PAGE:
( Billy’s thoughts – Read the rest of the above column by Kathleen Parker right here. I hope Castro repented of his sinful life, and for his evil deeds before he faced his maker. ) 

Farewell Fidel

Listen to a radio commentary here.

González, now 22, returns to public eye to praise Fidel Castro( Thank you President Clinton, and Janet Reno ) 

HAVANA — Elián González, the boy who found himself at the center of a controversial custody battle between his father in Cuba and his relatives in the United States 16 years ago, on Sunday praised Fidel Castro, who, he said, made it possible for him to return to his home country.

González, now 22, appeared on a government-run television program and said Castro, who died on Friday at the age of 90, was like a father and a friend to him.
“He is my father who, like my father, I wanted to show him everything I achieved. That he would be proud of me. That’s how I was with Fidel,” González said in a subtitled portion of the interview posted online by NBC Latino. “If I learned something and wanted to show him, and there are still many things that I wanted to show him. … And that in a public event he said he considered me a friend, it was an honor.”
González was 5 years old when his mother and several others voyaged by boat from Cuba to get to the U.S. His mother died, but the boy survived and was rescued by fishermen. He was later taken to his relatives’ home in South Florida. What followed was an international tug-o-war waged by Castro, who had led demonstrations demanding that González be returned to his father.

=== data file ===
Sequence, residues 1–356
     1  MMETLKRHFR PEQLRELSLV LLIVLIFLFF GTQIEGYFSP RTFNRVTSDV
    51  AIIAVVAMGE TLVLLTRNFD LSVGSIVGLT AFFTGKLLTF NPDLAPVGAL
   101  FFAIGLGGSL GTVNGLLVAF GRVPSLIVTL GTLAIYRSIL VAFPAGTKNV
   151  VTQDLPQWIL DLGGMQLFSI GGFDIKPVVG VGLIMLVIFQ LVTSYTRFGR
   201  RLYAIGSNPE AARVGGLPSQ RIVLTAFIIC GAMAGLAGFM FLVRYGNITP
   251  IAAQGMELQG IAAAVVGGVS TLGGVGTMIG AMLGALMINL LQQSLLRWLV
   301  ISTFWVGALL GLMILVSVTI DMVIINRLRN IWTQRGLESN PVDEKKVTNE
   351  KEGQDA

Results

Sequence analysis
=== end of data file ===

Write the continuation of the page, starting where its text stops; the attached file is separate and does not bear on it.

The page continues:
In April 2000, heavily armed federal immigration agents raided the relatives’ home in Miami. González was found in a bedroom halfway inside a closet as Donato Dalrymple, one of the fishermen who rescued him from the Atlantic Ocean, carried him in his arms.
A picture from the raid shows González, crying as he looked at the armed federal agent. Agents reported that the boy was calm afterward. He was later reunited with his father, stepmother and 6-month-old half-brother.

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A brutal communist dictator has gone on to meet his reward. And too many seem confused about the legacy of Cuba’s Fidel Castro.
LISTEN to the commentary here or read it below. 

John Stonestreet